While it’s well established that a healthy diet improves heart health, experts wondered whether making healthier decisions over time impacts risk for heart disease. Published in the American Heart Association’s journal Circulation, one recent study analyzed how changes in diet impact cardiovascular risk.
In total, analysis included more than 80,500 U.S. adults free of heart disease whose health and diet were tracked for over two decades. Participants were from the Nurses’ Health Study, which included female nurses ages 30–55 and the Health Professional Follow-Up Study, consisting of male health professionals aged 40–75 years. Both studies periodically evaluated diet with questionnaires and used medical records to track key outcomes like heart disease. Researchers then analyzed changes in diet and cardiovascular risk every four years between 1986 and 2010.
Researchers found that in any four-year period, adults with the greatest improvement in dietary scores had 7–8% lower risk of heart disease in the next four years. The earlier participants implemented healthy changes, the better. Participants making healthy changes in the first four years of the study had up to 9% lower risk for heart disease over the next two decades. Not surprisingly, researchers also found that drops in dietary scores were associated with weight gain and increased cardiovascular risk.
Dietary scores were calculated based on adherence to three types of diets including the healthy eating index, Mediterranean diet and DASH diet (Dietary Approach to Stop Hypertension). All three eating plans have been linked to decreased risk for heart disease and emphasize a high intake of fruits, vegetables, whole grains, nuts and legumes, while limiting red meats, added sugars and saturated or “bad” fats. However, each of the diets have characteristics that make them unique. For example, the Mediterranean diet includes fish and moderate alcohol intake, while the DASH diet focuses on reducing sodium intake.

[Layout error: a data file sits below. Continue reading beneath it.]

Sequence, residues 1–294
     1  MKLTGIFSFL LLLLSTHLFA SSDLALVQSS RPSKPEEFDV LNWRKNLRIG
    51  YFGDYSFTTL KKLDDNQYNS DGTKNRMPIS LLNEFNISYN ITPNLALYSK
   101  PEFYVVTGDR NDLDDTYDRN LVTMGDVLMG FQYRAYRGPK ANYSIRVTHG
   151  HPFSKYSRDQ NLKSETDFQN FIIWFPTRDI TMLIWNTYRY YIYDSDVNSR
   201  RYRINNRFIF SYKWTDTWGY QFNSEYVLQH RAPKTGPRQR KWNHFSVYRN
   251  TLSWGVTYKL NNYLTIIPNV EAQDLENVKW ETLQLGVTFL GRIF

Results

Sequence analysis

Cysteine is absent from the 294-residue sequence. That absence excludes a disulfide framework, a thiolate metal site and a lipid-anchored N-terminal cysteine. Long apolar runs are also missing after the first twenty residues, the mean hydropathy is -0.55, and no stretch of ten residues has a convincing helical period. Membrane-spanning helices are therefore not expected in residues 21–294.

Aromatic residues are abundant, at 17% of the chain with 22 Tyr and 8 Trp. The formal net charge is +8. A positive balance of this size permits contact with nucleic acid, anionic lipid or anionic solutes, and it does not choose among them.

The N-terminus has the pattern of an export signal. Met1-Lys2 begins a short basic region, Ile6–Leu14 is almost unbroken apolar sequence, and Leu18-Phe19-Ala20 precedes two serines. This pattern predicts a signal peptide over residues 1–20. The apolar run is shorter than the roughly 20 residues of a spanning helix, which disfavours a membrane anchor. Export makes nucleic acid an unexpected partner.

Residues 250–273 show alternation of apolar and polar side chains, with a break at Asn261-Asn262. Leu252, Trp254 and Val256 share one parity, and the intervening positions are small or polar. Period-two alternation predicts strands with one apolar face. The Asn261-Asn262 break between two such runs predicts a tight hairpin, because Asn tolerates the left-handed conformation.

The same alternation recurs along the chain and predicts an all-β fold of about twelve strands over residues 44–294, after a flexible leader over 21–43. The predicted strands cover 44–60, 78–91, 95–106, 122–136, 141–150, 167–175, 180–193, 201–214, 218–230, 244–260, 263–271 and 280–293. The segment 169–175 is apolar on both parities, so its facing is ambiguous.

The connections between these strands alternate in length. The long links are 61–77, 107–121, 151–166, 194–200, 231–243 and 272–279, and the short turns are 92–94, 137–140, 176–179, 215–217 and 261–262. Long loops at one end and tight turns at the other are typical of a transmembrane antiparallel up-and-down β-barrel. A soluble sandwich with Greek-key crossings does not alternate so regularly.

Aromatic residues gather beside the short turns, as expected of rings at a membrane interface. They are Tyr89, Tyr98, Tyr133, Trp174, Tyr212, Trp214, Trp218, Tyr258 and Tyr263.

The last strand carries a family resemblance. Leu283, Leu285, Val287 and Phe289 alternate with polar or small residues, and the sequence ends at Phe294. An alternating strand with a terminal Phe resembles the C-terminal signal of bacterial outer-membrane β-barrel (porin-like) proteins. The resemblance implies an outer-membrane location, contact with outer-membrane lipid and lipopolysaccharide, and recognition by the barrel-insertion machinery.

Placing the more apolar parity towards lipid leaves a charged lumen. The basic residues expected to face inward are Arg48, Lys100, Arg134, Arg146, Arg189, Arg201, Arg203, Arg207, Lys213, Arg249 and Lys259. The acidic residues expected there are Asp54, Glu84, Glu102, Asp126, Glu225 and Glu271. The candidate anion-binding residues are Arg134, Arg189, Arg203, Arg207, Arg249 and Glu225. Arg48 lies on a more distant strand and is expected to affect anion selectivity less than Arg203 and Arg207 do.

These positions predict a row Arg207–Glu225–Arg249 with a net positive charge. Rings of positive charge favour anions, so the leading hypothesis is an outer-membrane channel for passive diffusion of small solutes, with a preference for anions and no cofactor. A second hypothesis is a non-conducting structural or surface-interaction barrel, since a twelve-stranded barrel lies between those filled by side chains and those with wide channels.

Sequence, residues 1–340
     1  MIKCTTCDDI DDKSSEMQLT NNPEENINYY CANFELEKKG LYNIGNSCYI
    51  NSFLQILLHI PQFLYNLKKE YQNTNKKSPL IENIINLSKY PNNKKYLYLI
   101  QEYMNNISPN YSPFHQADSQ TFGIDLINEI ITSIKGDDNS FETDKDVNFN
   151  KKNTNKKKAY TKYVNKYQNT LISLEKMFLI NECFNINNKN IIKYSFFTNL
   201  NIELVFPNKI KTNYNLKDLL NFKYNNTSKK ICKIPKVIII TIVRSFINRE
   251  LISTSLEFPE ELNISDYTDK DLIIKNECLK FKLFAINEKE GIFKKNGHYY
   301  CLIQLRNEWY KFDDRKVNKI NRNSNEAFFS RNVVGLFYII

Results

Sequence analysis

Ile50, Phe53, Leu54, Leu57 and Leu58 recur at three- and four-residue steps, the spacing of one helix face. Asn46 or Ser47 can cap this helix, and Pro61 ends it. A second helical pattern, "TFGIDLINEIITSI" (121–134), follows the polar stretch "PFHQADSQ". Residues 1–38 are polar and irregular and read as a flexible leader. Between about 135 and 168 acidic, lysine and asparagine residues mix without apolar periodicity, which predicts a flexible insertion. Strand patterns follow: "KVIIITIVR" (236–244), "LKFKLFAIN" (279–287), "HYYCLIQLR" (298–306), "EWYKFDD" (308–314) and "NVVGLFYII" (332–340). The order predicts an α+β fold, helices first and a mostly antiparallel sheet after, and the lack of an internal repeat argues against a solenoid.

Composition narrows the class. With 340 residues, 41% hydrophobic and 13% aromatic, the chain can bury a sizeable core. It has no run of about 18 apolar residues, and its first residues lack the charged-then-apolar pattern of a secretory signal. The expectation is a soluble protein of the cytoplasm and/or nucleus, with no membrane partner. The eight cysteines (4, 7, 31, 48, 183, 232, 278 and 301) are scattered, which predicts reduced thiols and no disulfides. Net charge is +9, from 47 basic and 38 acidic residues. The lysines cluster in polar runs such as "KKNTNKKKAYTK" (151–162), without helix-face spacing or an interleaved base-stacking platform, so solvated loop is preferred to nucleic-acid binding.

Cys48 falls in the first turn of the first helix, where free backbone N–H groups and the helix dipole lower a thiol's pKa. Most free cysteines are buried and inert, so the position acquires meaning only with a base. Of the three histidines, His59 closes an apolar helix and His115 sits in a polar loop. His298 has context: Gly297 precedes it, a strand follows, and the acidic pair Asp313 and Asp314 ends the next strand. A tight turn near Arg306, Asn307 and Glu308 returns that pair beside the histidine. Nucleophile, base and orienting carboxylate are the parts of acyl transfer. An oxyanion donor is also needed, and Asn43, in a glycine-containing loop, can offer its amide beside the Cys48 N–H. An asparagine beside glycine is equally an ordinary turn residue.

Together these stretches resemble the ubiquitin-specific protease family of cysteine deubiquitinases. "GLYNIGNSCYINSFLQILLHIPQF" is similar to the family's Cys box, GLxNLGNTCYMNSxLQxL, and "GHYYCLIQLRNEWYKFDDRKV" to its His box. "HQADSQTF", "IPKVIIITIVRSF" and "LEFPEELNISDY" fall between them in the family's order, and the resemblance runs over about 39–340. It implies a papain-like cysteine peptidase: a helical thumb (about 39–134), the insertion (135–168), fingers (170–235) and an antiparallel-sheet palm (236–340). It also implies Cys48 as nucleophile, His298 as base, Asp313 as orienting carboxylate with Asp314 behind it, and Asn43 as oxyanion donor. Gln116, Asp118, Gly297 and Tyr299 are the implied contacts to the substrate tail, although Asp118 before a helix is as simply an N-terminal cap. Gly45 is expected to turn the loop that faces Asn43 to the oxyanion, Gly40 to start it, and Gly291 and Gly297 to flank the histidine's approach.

The good news is that all three diets helped reduce risk for heart disease in study participants.
The take-home message, as authors explain, is that even modest improvements in diet help prevent heart disease. So while our diets may vary over time, it’s never too late to start making healthier choices to improve heart health. With a variety of eating plans proven to reduce risk for heart disease, such as the Mediterranean and DASH diets, what matters most is finding a diet that works for you and that can be maintained over time.